Libertarians Lose Ballot Spot, File Suit

For the first time since 1996, the Libertarian Party has lost ballot status in North Carolina. The party is now faced with a lawsuit against the state and an expensive petition drive to regain access before the 2006 elections.

Monday morning, Beverly Wilcox of Wentworth was one of 13,006 registered Libertarians in North Carolina.

Today, Wilcox is an unaffiliated voter, and the Libertarian Party is no longer recognized by the State Board of Elections.

“It’s phenomenally frustrating for me,” said Wilcox, a member of her group’s state executive committee and a candidate in her town council race.

In general, Libertarians are seen as fiscal conservatives and social liberals, stressing a philosophy that the less government does the better.

Although Democrats and Republicans make up the lion’s share of North Carolina’s registered voters, the Libertarians’ certified status gave their candidates a key advantage. Unlike unaffiliated voters, who have to gather signatures to get on a ballot in a partisan election, members of certified parties simply need to pay a filing fee and submit paperwork.

To give their candidates that advantage again in the 2006 election, the party will have to collect 69,734 signatures across the state. In the mean time, Libertarian candidates in Winston-Salem and Charlotte municipal contests—which unlike most city races are partisan elections—will lose their spots on the ballot. And Libertarians throughout North Carolina will soon get notice in the mail that their party no longer is certified and that they have the option of staying unaffiliated or registering as a Democrat or a Republican.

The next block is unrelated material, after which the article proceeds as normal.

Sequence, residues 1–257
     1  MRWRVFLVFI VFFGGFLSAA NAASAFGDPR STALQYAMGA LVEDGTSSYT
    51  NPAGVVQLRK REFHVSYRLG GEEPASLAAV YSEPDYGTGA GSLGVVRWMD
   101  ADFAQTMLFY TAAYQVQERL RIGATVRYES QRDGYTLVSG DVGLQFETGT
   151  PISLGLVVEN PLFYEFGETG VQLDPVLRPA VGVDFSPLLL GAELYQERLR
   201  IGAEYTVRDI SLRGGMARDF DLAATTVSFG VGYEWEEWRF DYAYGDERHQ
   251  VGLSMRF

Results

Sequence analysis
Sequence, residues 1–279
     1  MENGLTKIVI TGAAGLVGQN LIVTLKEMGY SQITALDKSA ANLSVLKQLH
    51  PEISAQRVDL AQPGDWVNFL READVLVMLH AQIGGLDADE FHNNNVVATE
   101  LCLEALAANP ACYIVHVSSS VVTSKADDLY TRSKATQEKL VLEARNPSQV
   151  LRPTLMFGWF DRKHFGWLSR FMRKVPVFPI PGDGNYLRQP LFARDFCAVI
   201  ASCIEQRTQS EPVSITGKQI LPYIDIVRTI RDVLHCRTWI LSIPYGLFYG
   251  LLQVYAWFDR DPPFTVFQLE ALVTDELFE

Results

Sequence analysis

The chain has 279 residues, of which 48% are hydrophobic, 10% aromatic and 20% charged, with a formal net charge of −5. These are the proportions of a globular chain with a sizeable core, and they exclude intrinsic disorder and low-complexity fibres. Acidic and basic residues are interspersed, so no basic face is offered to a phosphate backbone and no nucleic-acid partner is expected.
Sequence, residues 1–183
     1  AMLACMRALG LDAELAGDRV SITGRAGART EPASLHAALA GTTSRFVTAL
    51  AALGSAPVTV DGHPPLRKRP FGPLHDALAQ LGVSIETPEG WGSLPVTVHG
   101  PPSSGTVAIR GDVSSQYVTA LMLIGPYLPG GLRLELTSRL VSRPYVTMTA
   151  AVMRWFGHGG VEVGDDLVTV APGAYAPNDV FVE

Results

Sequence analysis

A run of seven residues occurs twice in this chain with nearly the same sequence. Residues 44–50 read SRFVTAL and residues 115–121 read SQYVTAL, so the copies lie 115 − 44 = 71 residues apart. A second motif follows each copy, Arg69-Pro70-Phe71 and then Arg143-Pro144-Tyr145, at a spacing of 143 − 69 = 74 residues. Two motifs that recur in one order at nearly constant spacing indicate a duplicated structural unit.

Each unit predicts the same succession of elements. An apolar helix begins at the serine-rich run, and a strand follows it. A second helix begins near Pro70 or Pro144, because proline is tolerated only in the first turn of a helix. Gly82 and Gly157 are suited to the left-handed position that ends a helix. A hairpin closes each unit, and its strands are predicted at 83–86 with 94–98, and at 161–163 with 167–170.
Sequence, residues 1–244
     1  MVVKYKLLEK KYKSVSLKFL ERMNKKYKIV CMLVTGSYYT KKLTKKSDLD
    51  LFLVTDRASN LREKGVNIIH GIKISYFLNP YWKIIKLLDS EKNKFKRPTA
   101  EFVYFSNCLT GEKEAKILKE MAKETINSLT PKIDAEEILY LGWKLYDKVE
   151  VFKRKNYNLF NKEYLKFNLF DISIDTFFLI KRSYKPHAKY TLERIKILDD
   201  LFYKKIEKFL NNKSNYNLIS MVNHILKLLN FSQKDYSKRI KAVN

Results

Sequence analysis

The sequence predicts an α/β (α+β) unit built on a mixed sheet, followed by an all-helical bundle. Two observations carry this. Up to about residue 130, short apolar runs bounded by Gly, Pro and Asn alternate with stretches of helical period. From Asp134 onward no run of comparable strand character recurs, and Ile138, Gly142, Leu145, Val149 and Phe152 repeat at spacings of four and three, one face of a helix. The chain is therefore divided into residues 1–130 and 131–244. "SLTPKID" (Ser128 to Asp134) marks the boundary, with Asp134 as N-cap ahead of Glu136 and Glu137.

Top Libertarian officials say they will sue to overturn the state board’s ruling along with North Carolina’s ballot access laws, which are some of the toughest in the nation. They also say they will continue a campaign to gather enough signatures on petitions to regain their certified status.

“If you’re not a Republican or Democrat in this state, you’re a second-class citizen,” said Thomas Hill of Concord, the state party’s chairman.

The board of elections had twice delayed a decision on the Libertarian’s status, but declined to do so again, saying they had to make a decision before this year’s elections.

Sean Haugh, the party’s executive director, said that he had hoped the board would delay the decision Monday to let Libertarian candidates already on this year’s ballots remain. Party officials had also hoped the General Assembly would pass a bill by Rep. Paul Miller, a Durham Democrat, which would make it easier for third parties to stay on the ballot. But Miller said Monday that it was unlikely that the measure would pass before the legislature ends its session for the year.

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2 Responses to “Libertarians Lose Ballot Spot, File Suit”

  1. Mike N. Says:

    Why are the “established” parties so afraid to allow competition?

  2. Seth Dilday Says:

    Don’t forget to donate to LPNC’s ballot access/lawsuit campaign:

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